Napoleon had a profound impact on the development of both France and Europe, and his career had repercussions across the wider world. His career had all the elements of a classical tragedy: having begun with spectacular military and civil achievements, it ended in exile on the tiny Atlantic island of St Helena.
Almost two centuries after Napoleon’s death, historians continue to argue about his aims, his achievements and his legacy. In this thoroughly revised and updated new edition, Clive Emsley brings these historiographical debates up-to-date, and broadens his study to include discussion of the cultural and social impact of the Napoleonic era.
Divided into five parts this new edition:
A Chronology, Glossary and Who’s Who of key characters are also provided, making this an indispensable textbook for students of nineteenth-century French and European history.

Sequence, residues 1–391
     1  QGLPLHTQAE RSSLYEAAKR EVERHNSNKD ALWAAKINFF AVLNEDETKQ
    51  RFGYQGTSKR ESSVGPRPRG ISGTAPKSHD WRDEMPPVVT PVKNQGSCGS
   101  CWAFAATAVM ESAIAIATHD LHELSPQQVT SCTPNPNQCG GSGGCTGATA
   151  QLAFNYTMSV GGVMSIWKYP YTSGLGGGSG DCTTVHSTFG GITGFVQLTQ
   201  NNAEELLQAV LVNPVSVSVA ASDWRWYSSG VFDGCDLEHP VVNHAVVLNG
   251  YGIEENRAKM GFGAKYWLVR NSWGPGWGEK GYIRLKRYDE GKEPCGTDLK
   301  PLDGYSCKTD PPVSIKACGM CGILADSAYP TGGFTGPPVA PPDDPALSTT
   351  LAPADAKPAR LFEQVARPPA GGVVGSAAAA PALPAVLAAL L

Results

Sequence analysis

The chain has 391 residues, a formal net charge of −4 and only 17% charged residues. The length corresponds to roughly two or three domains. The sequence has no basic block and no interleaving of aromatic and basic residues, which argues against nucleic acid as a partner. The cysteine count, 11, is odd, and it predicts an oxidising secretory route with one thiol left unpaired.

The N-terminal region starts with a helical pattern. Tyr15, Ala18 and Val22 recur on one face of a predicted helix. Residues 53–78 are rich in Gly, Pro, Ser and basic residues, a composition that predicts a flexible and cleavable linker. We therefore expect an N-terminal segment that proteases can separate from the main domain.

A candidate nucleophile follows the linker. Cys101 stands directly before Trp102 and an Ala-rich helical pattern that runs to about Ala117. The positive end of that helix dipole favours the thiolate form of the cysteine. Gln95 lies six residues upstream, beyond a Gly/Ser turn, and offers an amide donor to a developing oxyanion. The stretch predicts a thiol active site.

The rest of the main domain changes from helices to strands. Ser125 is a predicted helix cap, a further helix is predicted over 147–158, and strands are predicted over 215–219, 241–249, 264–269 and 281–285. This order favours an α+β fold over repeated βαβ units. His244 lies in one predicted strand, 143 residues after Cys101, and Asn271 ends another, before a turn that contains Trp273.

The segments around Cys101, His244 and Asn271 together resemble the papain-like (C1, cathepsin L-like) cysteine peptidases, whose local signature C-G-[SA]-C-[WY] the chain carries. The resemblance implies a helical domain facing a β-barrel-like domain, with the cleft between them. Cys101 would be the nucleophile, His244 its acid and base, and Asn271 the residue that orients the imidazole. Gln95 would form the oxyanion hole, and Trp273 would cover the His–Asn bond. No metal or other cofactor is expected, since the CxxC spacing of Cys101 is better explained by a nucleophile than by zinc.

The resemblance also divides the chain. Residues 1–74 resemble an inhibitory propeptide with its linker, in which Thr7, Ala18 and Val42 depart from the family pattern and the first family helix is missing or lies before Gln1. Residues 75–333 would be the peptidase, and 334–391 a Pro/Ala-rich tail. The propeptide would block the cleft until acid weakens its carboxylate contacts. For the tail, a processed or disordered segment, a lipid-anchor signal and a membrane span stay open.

Part One: Introduction 1. ‘My History is made up of facts, and words alone cannot destroy them’ Part Two: Narrative and Analysis 2. The Career and the Man 3. Reorganising France 4. Reorganising Europe Part Three: Assessment 5. The Legacy Part Four: Documents Part Five: Glossary, Maps, Who’s Who, Bibliography
Each book in the Seminar Studies series provides a concise and reliable introduction to a wide range of complex historical events and debates, covering topics in British, European, US and world history from the early modern period to the present day. Written by acknowledged experts and including supporting material such as extracts from historical documents, chronologies, glossaries, guides to key figures and further reading suggestions, Seminar Studies titles are essential reading for students of history.
Almost half a century after its launch, the series continues to introduce students to the problems involved in explaining the past, giving them the opportunity to grapple with historical documents and encouraging them to reach their own conclusions. To submit proposals for new books in the Seminar Studies series, please contact the series editors:
Clive.Emsley: clive.emsley @ open.ac.uk
Gordon Martel: Gordon.Martel @ unbc.ca